The scam involves an online scammer tricking a victim into believing he or she is "in a relationship" with an American Soldier and then hustling the victim out of his or her money."These perpetrators are definitely not American Soldiers, but they are quite familiar with American culture," said Chris Grey, Army CID spokesperson."The criminals, often from other countries, most notably from West African countries, are pretending to be U. Soldiers serving in a combat zone or other overseas locations."According to Grey, perpetrators take on the online persona of a U. soldier with photographs of a soldier off the Internet, and then begin prowling the web for victims.In today's digital age, online predators and scammers have become more clever than an email from a Nigerian Prince asking for money.

Scammers steal pictures of real soldiers online and create fake profiles.

The Army calls it an epidemic and is warning people to be cautious connecting to anyone online who claims to be a soldier serving overseas.

Victims of these scams have reported losing thousands of dollars.

One victim went so far as to refinance her house to help out her new online beau. Once the victim is on the hook, the scammer attempts to persuade the victim to provide financial support to deal with a crisis or send money on some other pretext.

After they form a “relationship,” they come up with reasons to ask their love interest to set up a new bank account.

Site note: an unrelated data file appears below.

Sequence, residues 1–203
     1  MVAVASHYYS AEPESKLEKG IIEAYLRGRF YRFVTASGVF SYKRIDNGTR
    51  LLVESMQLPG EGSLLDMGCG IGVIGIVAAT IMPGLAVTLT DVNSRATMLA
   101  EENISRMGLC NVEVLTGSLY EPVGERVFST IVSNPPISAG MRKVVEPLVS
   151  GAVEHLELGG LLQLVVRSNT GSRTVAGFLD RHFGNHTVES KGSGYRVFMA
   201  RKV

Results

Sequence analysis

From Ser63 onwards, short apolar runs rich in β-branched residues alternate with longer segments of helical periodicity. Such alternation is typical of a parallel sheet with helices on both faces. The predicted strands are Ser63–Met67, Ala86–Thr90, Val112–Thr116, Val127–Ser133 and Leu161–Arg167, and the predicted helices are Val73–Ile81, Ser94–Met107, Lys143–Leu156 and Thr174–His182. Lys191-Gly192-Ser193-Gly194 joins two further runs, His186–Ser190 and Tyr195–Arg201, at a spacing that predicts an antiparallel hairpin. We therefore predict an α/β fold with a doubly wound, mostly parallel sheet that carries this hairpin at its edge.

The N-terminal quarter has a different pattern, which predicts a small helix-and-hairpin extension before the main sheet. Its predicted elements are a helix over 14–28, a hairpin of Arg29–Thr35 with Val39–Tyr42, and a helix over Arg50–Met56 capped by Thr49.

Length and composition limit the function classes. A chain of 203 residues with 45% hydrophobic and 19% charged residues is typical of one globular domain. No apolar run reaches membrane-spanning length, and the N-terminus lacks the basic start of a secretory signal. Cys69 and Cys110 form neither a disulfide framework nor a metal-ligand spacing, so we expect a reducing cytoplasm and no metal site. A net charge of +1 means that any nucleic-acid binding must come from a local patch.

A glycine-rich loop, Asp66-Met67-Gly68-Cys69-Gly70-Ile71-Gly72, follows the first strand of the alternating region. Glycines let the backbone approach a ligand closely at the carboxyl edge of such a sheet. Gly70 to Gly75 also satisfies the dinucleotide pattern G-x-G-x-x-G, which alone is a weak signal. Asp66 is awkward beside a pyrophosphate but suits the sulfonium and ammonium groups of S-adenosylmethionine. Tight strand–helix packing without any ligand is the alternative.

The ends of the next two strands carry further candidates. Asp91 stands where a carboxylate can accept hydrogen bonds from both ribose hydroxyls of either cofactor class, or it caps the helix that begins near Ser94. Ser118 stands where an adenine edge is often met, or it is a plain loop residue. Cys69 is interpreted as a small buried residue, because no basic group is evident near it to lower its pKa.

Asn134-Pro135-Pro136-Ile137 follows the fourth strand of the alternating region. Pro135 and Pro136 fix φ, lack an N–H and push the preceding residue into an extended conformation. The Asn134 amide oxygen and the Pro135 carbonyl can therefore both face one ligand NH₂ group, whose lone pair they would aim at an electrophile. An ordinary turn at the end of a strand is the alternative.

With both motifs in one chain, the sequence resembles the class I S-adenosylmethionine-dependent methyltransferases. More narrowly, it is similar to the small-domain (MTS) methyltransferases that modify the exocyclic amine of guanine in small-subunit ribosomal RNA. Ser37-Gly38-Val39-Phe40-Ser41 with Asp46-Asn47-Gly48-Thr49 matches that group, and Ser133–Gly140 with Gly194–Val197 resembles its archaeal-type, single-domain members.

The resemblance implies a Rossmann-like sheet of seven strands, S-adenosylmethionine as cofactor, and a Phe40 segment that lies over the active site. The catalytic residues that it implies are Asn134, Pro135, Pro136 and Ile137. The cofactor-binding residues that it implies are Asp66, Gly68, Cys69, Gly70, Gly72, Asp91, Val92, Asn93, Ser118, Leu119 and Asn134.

The scammers transfer stolen money into the new account, and then tell their victims to wire the money out of the country.

They connected and soon enough, the Syracuse resident was getting little requests for favors— he sent a i Tunes card before finding out that the profile is fake.

News Channel 9’s Tammy Palmer reached out to the U. Army, and found out that they get hundreds of complaints every month from people who say they were duped on legitimate dating sites.

She asked to speak with him in person or via Skype, but the man said that wasn't allowed.

“His thing was, ‘well, this is top secret, we're fighting the terrorists, we can't do anything that would compromise that, so I can't use the phone.' And I believed all this," Schuster said. Shortly after the first wire transfer, the man told her that he wanted to get out of the Air Force and join some of his pilot friends in starting a private company that flies charter planes.

The soldier's rank and other details are often included in an effort to lend credence to the scammer's story.